JavaScript Class Final Project

Screen Shot 2018-01-07 at 11.55.02 PM

I finished my JavaScript class final project on December 17. Since design is a skill that I am working to improve, I decided to do something more front-end oriented. Due to the fact that the holidays were timely, as was enormous amounts of food, I decided to make a food holiday calendar. Essentially, a user can click on a month, and a modal window will pop up and display three related food holidays for that month.

My initial issue was formatting – how to make the months all look good. I opted to let the art drive my design. I found some wonderful images for the months that display the name of the month in a somewhat whimsical font, along with the birthstone for that month. Next, I needed a font to match the whimsy of the art. Thankfully Google fonts had a font that fill the bill and would not slow down the page-load speed in a noticable way – which is important since there are twelve images of various sizes that must load on the page.

I opted to use a W3 layout. I have used Bootstrap in the past, but I wanted to branch out. The W3 layouts are easy to use and customize. I changed the colors, sizes and more on the modals until they appeared exactly as I wanted. The project primarily uses HTML, a bit of JSS and only a few lines of jquery, so I opted to have only one file, rather than splitting it into separate files. I was pleased with the final product, and I cannot wait to build something more complex using JavaScript in the future.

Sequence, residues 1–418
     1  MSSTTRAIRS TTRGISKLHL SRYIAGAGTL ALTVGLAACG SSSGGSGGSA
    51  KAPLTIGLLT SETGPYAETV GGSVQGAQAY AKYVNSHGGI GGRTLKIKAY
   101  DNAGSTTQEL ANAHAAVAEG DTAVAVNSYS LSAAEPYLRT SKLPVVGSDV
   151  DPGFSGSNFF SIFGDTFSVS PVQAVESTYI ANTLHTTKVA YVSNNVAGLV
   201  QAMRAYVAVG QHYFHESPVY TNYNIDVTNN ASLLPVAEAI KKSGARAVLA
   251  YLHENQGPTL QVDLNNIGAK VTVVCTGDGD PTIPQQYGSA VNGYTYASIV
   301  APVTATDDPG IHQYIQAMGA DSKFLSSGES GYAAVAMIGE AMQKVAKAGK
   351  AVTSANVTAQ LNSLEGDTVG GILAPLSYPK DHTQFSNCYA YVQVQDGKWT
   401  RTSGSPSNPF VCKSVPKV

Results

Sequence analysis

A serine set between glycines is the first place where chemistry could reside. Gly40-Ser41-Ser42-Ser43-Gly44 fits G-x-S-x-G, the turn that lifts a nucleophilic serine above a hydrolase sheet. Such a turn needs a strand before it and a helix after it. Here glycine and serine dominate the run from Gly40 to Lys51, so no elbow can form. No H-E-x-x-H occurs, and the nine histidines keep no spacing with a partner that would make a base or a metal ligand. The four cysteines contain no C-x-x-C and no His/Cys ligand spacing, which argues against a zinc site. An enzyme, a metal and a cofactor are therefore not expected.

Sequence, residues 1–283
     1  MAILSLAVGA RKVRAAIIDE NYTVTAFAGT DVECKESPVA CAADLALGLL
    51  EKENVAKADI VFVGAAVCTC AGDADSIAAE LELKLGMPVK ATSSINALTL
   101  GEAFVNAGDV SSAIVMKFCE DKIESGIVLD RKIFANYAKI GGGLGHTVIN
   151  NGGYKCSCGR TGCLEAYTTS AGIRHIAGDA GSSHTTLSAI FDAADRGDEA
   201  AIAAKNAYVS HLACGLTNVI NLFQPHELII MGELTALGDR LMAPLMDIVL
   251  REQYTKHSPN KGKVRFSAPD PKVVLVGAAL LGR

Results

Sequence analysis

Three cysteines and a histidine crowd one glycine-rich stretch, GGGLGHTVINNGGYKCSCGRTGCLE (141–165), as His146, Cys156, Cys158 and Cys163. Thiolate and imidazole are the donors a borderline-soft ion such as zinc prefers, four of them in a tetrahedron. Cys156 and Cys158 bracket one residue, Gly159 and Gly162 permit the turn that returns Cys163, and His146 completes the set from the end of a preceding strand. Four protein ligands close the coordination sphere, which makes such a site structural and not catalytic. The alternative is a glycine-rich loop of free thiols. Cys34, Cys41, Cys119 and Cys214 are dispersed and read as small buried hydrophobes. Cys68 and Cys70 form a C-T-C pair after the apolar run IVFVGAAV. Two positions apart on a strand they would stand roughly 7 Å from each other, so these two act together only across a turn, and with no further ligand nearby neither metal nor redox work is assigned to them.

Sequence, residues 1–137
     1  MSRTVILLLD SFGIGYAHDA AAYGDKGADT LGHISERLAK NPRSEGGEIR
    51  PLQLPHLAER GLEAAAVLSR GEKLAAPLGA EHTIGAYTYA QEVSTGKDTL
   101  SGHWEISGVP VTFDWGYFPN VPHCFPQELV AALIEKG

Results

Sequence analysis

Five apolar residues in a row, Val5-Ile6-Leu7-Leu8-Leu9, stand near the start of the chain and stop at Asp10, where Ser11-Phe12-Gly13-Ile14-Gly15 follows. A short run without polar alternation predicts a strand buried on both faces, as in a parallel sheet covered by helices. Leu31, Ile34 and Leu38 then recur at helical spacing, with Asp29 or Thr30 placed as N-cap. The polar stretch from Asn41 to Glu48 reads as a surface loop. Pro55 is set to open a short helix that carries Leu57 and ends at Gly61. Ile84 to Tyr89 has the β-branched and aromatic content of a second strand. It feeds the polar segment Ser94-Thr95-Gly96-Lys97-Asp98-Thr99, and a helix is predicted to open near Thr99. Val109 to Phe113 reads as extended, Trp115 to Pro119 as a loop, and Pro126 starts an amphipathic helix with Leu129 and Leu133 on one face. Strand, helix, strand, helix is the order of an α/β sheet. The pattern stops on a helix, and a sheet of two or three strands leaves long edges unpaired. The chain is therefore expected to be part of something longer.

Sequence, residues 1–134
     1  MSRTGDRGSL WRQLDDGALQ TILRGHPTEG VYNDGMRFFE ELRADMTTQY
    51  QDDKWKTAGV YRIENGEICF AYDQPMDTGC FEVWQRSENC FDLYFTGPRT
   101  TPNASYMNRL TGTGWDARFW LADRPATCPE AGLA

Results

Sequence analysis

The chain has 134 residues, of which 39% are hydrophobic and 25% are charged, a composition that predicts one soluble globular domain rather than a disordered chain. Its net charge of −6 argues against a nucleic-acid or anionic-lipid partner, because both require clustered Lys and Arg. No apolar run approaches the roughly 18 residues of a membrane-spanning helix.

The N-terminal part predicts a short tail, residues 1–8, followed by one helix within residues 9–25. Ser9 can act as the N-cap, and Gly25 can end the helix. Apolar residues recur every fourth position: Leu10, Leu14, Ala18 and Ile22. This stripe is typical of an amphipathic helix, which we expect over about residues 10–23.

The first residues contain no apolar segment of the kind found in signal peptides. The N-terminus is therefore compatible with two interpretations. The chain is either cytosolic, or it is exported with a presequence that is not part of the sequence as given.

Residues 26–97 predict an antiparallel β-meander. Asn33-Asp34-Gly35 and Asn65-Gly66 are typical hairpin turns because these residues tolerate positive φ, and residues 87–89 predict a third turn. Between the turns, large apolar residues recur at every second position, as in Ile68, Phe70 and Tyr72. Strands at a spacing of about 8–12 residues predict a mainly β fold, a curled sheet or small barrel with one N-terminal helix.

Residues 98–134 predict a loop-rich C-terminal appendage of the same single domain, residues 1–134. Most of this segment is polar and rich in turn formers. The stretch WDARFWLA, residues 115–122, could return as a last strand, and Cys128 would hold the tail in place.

Today, I deployed the project as a static website. Initially, I was going to use Heroku, since that only thing that I have built with it was a Facebook bot. After looking at the terms, I realized that having a static site would cost money, and this little project is not worth it. Since I have used AWS for other projects, and this is lightweight, I decided against it. Next, I looked at Google Cloud. I was all set to a Google Cloud Storage bucket, until I realized that it would be served using http, as static sites deploying from the buckets do not allow for https. I wanted to use https, so I decided to use Firebase for hosting. I have used Firebase for a database before, but never for hosting.

After I installed the Firebase CLI, and created the project on my Firebase dashboard, there was minimal configuration. I did have to configure the firebase.json file, in order to indicate which directory to use for deployment. Once I made that change and typed the magic words (‘Firebase deploy’) – it was done! Now my project is deployed on https, for free! Enjoy!


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